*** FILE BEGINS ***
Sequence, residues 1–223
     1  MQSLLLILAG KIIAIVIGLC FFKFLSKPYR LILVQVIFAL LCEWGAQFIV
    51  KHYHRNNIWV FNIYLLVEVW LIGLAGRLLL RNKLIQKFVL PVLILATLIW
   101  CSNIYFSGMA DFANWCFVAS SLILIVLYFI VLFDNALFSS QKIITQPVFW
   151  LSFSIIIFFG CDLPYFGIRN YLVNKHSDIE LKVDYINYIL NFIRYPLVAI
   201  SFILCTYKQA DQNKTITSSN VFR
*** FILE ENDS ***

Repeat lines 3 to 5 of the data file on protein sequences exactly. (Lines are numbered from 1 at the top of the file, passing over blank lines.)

    51  KHYHRNNIWV FNIYLLVEVW LIGLAGRLLL RNKLIQKFVL PVLILATLIW
   101  CSNIYFSGMA DFANWCFVAS SLILIVLYFI VLFDNALFSS QKIITQPVFW
   151  LSFSIIIFFG CDLPYFGIRN YLVNKHSDIE LKVDYINYIL NFIRYPLVAI